Tina (Lowe), eager to get away from her domineering mother, goes on a caravan holiday with Chris (Oram), who has recently become her boyfriend. As the couple tour the English countryside, visiting camping sites and museums, their relationship deepens and darkens. A rash of violent deaths breaks out along the route the lovers are travelling...
If you need a high-concept pitch for Ben Wheatley’s third film, it’s Mike Leigh’s Nuts In May crossbred with Oliver Stone’s Natural Born Killers. Funny and horrible, it has that ghastly ring of truth which distinguishes Leigh’s sympathetic portraits of people you’d go out of your way to avoid, and yet finds room for video-nasty levels of carnage. Whereas Leigh lets conflicts and resentments simmer, exploding only in cutting insults or social gaffes, Wheatley lets the brakes off. Sightseers explores a contemporary Britain we can’t help but recognise, dotted with ridiculous ‘heritage’ spots like the Keswick Pencil Museum, and a mental landscape where priorities are seriously out of whack. “It’s no use,” whines sulky ginger sightseer Chris (Steve Oram) after the perhaps accidental, definitely bloody demise of a litter lout under the wheel of his caravan. “He’s ruined Crich Tramway Museum for me.”
Scripted by stars Alice Lowe and Oram, formerly you-know-the-face players with rafts of film and TV comedy credits (Lowe was one of the leads in Garth Marenghi’s Darkplace), with additional material by editor Amy Jump, Sightseers is a showcase for both performers, who deliver awards-quality work as the oddest of odd couples. Escaping from a harridan mother who’ll never let her forget her responsibility for the absurd death of a much-loved dog, wallflower Tina at first seems a tagalong. However, as she realises how twisted her seemingly boring new boyfriend really is, she lets out her own wild side, whether in selecting sexy underwear to spice up the caravan-rocking nights with Chris or involving herself in incidents which inevitably pay off with someone who has crossed their path and annoyed them in some way winding up horribly dead. At first, there’s a sense that the corpses who litter the wet, green countryside are class enemies; then it becomes apparent that anyone might fall foul of one or other or both of these people and suffer the consequences, even people who commit the sin of being too much like them.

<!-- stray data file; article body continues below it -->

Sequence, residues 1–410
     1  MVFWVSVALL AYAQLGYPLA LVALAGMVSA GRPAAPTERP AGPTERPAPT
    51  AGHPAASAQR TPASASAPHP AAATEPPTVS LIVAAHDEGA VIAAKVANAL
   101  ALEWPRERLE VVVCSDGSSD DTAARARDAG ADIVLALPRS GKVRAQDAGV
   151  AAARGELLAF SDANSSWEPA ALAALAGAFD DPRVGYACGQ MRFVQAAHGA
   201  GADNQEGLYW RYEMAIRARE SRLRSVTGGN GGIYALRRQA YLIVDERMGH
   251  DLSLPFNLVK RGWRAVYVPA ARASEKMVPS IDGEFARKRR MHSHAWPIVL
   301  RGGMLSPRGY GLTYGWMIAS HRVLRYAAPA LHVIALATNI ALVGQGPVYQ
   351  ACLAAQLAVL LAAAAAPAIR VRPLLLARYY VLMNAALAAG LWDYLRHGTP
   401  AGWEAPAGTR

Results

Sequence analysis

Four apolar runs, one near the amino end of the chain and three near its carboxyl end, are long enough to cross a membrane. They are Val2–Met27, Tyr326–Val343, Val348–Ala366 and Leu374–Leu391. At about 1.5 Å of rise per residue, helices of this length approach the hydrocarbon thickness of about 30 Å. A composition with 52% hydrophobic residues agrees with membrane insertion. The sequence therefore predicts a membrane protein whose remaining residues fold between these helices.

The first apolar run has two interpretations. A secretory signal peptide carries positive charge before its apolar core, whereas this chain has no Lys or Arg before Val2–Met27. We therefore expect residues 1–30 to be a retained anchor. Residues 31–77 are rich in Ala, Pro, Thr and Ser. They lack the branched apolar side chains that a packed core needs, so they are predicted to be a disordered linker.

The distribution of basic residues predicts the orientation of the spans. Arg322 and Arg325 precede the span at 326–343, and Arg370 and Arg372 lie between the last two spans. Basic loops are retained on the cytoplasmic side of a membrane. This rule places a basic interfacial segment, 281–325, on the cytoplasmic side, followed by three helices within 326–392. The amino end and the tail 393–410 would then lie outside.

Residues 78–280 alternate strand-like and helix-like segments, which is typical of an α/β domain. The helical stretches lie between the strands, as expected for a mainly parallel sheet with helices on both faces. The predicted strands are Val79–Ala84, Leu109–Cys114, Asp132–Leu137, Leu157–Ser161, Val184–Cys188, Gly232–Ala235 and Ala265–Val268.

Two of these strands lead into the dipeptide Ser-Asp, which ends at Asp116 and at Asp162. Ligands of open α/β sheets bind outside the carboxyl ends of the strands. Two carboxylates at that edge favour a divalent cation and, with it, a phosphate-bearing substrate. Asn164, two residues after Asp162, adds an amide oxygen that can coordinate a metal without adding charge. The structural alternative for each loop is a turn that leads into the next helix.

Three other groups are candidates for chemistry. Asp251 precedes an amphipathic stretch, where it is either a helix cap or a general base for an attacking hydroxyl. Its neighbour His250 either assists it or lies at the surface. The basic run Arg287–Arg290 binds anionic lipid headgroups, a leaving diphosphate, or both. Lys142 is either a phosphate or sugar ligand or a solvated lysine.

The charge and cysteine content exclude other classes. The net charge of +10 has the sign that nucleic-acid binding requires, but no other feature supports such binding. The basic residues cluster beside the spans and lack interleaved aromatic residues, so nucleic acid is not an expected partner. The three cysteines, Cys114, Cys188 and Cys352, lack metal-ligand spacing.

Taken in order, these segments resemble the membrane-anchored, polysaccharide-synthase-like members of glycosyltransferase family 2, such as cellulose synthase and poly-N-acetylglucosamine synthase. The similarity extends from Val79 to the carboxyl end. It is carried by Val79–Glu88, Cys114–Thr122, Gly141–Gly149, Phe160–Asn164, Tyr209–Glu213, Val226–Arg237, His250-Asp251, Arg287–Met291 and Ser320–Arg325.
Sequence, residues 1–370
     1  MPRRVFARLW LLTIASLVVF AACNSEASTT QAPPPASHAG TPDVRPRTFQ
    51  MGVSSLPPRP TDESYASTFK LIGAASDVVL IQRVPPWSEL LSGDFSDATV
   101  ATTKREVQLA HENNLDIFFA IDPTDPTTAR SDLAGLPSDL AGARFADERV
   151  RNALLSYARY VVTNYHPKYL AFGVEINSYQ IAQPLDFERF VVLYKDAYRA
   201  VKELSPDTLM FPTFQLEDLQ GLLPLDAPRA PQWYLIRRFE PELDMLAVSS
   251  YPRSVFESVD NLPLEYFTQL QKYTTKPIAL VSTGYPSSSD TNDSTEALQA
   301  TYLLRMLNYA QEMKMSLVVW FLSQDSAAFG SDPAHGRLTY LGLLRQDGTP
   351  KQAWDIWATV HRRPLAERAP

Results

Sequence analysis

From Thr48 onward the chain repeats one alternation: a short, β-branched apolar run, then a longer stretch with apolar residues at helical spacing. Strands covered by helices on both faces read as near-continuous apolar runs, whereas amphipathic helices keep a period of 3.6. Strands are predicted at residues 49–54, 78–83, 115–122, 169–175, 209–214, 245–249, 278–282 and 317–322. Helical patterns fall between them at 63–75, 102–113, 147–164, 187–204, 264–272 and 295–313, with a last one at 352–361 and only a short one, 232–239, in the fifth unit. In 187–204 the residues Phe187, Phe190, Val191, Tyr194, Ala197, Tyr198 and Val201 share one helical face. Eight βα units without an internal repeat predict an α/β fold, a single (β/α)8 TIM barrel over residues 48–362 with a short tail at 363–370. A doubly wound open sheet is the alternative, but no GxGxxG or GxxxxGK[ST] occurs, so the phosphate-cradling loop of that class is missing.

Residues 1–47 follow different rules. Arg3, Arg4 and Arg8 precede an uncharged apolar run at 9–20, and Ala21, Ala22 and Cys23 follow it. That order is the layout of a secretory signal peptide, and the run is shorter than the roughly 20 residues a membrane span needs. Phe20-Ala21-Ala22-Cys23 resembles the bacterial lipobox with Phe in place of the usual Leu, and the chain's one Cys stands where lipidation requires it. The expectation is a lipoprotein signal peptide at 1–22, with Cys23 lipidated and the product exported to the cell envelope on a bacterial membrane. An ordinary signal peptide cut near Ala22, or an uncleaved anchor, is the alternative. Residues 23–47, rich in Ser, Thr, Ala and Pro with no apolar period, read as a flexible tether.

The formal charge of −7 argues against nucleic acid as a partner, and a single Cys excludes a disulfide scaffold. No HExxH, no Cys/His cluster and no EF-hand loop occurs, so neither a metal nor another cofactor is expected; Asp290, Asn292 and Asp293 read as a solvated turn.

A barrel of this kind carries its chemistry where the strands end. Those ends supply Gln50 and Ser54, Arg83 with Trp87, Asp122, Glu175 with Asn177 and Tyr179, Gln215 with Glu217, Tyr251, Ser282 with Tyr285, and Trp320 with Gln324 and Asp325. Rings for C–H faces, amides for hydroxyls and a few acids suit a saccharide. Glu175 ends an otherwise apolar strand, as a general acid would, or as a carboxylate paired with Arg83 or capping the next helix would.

This makes for strange, sitcom clashes as Tina tries to match Chris’ exploits, though like all true anal-retentive sociopaths, he lives by a hard-to-explain code she finds it impossible to understand, let alone abide by. Bluntly, he’s mad because he wants always to be in control and she’s mad because she wants to embrace chaos. Whether or not a happy ending is possible, or desirable, is a question the film juggles deftly for much of its running time — and becomes all the more pressing when a rival for Chris’ attention comes along in the person of an equally boring, beardy fellow-traveller who has invented a bicycle-drawn ‘carapod’ that Tina thinks “looks like an alien’s coffin” but which tickles Chris’ fancy. Wheatley is confident enough to let the characters’ ‘issues’ emerge without the blunt instrument of backstory exposition — though, often, with any other blunt instrument that comes to hand. It’s incidentally, like Kill List, a British road movie which makes use of sinister, yet curiously appealing out-of-the-way locations and, of course, fully expresses the horrors of the British climate.
A uniquely British blend of excruciating comedy of embarrassment and outright grue, not quite as disorientating in its mood shifts as Kill List but just as impressive a film. Whether it ruins Crich Tramway Museum for you or prompts you to recreate Chris and Tina’s pilgrimage to the Ribblehead Viaduct, Wheatley’s film serves as a black-comic state-of-the-nation address.